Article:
Red Cross Prepares for Spring Disasters

Early season tornadoes in 2012 after active spring in 2011

Spring can be one of the busiest seasons for the American Red Cross, with severe weather causing tornadoes and floods that affecting communities across the country.

Last spring, in a span of only three months, the Red Cross launched 46 large-scale disaster relief operations in 31 states. And weather experts are predicting 2012 to be another busy year for storms.

Tornado Season Arrives Tornado season has traditionally begun in April and extended throughout the month of June. But in 2012, the Red Cross has already responded to tornadoes in January, February and March. March brought particularly brutal storms with approximately 80 tornadoes affecting communities from the Midwest to the Gulf on a single day, March 2.

In the immediate aftermath of these storms, the Red Cross has opened shelters, distributed food and provided comfort and care for those affected. As of March 14, the Red Cross has opened 33 shelters, providing more than 1,000 overnight stays, and has served more than 92,500 meals and snacks to those affected by severe storms. It seems tornado season is arriving early.

Homeowner Cindy Cain of Henryville, Indiana talks with Red Cross volunteer Gerry Holmes after the tornado leveled her home as well as most of the town.

In a recent Reuters article, climatologist Kevin Trenberth of the National Center for Atmospheric Research said the fact is that tornado season will begin as early as February.

Not only do scientists expect tornado season to start earlier, but the number of days when conditions are ripe for tornadoes to form will likely increase, according to atmospheric scientist Robert Trapp of Purdue University. Trapp and his colleagues also predicted that the Gulf of Mexico and Atlantic Coast, regions that do not typically experience tornadoes, will have an increase in days with tornado-making weather conditions.

Already this year, the Red Cross has responded to tornadoes in southeastern Michigan, an area that is not normally associated with tornadoes. With more days likely to produce tornado conditions and more areas likely to be affected, the Red Cross is helping communities across the country prepare for and respond to these disasters.

Spring Flood Outlook Last spring, the Red Cross also responded to major flooding and widespread wildfires. Thankfully, for the first time in four years, there is no high risk of major flooding this spring according to NOAA’s annual Spring Outlook.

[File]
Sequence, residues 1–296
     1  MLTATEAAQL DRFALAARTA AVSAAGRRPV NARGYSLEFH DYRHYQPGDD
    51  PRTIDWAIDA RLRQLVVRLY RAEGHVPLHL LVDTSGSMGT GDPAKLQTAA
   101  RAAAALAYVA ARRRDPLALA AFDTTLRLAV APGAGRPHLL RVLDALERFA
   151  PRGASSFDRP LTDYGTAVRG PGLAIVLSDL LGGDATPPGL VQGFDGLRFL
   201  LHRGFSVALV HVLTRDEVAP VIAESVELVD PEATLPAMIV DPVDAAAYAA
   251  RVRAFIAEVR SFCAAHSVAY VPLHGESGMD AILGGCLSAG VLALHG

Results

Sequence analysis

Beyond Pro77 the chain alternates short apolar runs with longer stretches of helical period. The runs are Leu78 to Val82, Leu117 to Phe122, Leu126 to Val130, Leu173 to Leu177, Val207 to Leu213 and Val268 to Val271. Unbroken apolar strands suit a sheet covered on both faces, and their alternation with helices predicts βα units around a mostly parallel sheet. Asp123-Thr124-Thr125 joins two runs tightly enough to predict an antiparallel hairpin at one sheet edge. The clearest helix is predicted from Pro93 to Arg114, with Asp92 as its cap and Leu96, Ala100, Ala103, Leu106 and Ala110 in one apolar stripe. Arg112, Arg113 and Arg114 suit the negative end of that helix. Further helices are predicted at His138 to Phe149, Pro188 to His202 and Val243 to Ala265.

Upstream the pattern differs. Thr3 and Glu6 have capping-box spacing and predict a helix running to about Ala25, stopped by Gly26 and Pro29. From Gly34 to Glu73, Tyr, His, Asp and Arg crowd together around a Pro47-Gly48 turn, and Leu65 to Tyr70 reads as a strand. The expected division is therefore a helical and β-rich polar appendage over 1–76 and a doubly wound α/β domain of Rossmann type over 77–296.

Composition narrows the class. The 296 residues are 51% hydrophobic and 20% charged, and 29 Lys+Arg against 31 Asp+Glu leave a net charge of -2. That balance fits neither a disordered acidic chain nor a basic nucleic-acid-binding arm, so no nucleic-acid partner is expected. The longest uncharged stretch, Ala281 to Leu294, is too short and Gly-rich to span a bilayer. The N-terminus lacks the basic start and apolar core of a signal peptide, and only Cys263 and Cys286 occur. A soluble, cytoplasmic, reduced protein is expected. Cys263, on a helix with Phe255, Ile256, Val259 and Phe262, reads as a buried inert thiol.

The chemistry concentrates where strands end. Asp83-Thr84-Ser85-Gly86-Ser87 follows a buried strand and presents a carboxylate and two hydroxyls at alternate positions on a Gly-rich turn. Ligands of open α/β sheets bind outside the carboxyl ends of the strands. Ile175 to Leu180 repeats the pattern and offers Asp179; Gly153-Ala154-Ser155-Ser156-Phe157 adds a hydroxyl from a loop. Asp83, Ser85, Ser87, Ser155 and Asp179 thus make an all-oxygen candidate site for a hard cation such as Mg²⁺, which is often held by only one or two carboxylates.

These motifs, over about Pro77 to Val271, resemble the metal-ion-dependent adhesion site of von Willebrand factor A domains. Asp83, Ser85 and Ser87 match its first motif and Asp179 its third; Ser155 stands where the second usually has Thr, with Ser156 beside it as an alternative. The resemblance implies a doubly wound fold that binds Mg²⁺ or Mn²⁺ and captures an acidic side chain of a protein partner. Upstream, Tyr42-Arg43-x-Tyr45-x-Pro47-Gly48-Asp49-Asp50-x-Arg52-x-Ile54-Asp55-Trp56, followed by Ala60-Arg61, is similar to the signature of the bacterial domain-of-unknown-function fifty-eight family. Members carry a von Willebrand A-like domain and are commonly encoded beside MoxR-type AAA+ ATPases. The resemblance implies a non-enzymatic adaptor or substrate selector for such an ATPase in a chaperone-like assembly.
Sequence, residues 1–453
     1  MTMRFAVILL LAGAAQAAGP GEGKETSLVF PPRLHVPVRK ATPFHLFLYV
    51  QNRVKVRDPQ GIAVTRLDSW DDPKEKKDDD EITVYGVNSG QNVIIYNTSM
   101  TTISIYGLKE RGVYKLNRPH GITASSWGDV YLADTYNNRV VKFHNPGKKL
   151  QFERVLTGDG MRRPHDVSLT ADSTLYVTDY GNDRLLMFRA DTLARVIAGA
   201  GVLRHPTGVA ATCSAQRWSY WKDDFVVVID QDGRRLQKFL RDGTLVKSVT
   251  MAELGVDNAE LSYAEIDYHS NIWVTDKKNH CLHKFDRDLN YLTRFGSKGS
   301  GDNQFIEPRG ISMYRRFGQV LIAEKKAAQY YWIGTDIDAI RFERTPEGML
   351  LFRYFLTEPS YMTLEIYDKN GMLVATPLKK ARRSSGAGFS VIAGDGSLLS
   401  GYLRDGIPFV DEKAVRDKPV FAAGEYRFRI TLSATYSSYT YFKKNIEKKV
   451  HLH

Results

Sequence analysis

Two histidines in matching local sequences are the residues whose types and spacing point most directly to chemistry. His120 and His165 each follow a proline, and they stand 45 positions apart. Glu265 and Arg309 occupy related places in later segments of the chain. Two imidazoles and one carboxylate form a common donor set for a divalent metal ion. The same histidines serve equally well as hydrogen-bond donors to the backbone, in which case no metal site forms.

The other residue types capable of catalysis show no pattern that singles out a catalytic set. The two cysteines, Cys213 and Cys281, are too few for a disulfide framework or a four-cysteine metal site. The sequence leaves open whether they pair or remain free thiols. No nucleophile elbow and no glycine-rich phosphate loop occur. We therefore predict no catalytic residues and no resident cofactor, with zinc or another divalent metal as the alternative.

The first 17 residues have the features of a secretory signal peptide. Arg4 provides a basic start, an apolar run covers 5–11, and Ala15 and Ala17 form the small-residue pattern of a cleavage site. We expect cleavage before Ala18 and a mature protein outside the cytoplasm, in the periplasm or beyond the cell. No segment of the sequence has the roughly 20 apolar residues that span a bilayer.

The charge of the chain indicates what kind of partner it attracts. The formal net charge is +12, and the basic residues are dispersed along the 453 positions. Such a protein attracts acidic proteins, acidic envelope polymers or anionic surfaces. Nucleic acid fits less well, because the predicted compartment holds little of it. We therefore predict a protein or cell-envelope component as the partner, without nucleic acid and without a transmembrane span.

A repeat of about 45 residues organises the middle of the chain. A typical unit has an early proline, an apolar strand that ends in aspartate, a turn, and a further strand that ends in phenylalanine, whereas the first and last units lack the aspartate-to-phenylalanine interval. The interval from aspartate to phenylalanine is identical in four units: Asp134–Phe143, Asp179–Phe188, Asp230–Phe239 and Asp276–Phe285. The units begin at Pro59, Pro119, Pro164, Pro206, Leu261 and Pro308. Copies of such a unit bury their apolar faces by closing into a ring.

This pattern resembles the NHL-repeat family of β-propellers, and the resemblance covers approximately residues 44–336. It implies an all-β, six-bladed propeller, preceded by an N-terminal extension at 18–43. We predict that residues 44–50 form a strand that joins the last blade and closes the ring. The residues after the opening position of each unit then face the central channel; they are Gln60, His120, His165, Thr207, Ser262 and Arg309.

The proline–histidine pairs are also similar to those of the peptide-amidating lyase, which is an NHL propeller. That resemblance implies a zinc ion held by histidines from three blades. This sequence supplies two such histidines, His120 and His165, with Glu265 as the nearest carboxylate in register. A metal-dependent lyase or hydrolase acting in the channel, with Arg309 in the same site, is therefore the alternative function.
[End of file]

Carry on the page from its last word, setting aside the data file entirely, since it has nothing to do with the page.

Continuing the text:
“We’re not forecasting a repeat of recent historic and prolonged flooding in the central and northern U.S., and that is a relief,” said Laura Furgione, deputy director, NOAA’s National Weather Service. “The severity of any flooding this year will be driven by rainfall more so than the melting of the current snowpack.” Still, spring rainfall can lead to flooding at any time and the Red Cross urges everyone to be prepared.

Forecasters say drought conditions will likely persist across much of the southern U.S. and expand in the Southwest through spring which could result in an active wildfire season.

When emergencies strike, knowing where to go and what to do can help save lives. For preparedness tips for spring weather including tornadoes, flooding and wildfires, visit

About the American Red Cross: The American Red Cross shelters, feeds and provides emotional support to victims of disasters; supplies more than 40 percent of the nation’s blood; teaches skills that save lives; provides international humanitarian aid; and supports military members and their families. The Red Cross is a not-for-profit organization that depends on volunteers and the generosity of the American public to perform its mission. For more information, please visit or join our blog at

One Response

  1. Forecasters say drought conditions will likely persist across much of the southern U.S. and expand in the Southwest through spring which could result in an active wildfire season.

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